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An Investigation into Contractual Relationships between the Governments and Middle Eastern Oil Companies (2012)

Ref: law0012

Since Edwin Drake drilled the first successful oil well in Pennsylvania in 1859, the oil and gas industry has been a key component of the world economy. Commencing with a few players, nowadays there are many participants in mineral development of oil and gas as a result of the increasing dependency upon petroleum products worldwide. Historically, the oil and gas industry had experienced a period of total dominance by seven international oil corporations, known as the Seven Sisters, for many decades. The mastery of these companies encompassed the major aspects of oil and gas industry, including producing, refining, transporting and marketing the products. Owing to the lacking of the financial resources as well as the requisite technology and expertise at that era, the host countries have compelled to rely heavily upon the Seven Sisters for the development of their petroleum resources. At that time, the legal framework, in which the oil production was authorised, had determined by means of concessions concluded between the governments and the Seven Sisters. The social and political circumstances, under which these contracts were agreed upon, were more favourable for the Seven Sisters. This can be observable in the scope of the rights granted to them. Host countries, on the other hand, had been deprived of all direct or indirect participation in their petroleum developments and their role was confined, to some extent, to collect the agreed royalty payments. Yet, in the wake of discovering vast reserves of oil, during the decades of the sixties and seventies, many of the petroleum exporting countries tended to wield greater influence on the policies and operations of their concessionaires. Therefore, they renegotiated its original concessions, often under change circumstance doctrine, both individually or combined under the umbrella of Organization of Petroleum Exporting Countries (OPEC). At present, although some host countries still fulfil their concessions, the terms and conditions of these agreements are significantly different form the original ones. The fundamental structural changes entered into the contract had totally restructured the traditional concession relationship. As a result, modern concessions, based partly or entirely upon participation, have been adopted.  This Dissertation has examined to some extent the evaluation of the upstream petroleum agreements concluded between Middle Eastern governments and Oil Companies since 1900 till 1990. The on-going modifying of the clauses and provisions in these agreements reflects, in effect, the political, social and economic changes witnessed by the international oil industry since it was infant and till the present.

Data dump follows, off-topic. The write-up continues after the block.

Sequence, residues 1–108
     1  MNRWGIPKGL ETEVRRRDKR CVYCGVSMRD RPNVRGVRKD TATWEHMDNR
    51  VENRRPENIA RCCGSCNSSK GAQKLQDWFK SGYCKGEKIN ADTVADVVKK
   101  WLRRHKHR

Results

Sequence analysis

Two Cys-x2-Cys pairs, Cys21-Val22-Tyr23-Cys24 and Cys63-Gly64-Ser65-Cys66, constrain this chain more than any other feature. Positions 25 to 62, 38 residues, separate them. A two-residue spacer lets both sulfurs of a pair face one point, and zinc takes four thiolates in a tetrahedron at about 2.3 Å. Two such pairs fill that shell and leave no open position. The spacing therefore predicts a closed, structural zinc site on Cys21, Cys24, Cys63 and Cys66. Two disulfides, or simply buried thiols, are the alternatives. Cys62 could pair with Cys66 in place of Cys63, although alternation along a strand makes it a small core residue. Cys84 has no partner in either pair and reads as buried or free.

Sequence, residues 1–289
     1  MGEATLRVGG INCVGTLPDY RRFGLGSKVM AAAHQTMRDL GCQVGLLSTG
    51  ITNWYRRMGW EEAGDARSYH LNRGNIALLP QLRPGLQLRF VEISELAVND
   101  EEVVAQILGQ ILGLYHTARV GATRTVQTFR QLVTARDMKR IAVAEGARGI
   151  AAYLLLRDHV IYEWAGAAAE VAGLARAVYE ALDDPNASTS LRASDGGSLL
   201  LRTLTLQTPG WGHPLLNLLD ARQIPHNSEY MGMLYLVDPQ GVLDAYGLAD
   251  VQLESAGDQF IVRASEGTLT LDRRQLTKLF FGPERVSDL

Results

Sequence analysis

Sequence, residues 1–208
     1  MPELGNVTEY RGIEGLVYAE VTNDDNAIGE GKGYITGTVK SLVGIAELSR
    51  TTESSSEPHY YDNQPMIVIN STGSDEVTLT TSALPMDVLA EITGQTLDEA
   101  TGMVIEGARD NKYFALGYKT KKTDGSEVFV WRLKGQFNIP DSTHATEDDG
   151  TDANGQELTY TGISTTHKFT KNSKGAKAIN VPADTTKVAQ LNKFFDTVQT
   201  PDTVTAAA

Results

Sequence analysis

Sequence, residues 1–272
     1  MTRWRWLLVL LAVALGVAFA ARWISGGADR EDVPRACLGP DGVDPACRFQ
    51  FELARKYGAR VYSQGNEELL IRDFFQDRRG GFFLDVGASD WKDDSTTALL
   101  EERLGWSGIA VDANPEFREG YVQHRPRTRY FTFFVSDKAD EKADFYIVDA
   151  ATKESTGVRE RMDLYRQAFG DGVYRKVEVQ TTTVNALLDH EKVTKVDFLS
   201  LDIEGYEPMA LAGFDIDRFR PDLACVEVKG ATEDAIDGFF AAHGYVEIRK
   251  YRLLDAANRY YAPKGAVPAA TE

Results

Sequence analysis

• 11,000 words – 36 pages in length
  • Outstanding use of literature
  • Expertly written throughout
  • Outstanding piece of work
  • Ideal for law and business students 


1: Petroleum Concession System
Emergence of The Seven Sisters
The Sisters and the Middle Eastern Host Countries
Legal Aspects of Concession Agreements

2: The Road to Participation
The Host Countries' Attitude
The Renegotiation Process
From Royalties  to Profit Sharing Agreement
The Rise of OPEC
Causes of the Alliance
OPEC: Origins and Aims
OPEC and the Participation Agreement 
Legal Aspects of participation Agreements

3: Comparative Analysis (Original Concession vs. Modern Concession)
Methods of Obtaining a Concession
Parties to the Contract
Contractual Rights and Obligations
Scope of Right Granted
Duration of the Concession
Financial Benefits Gained

Conclusions

Bibliography



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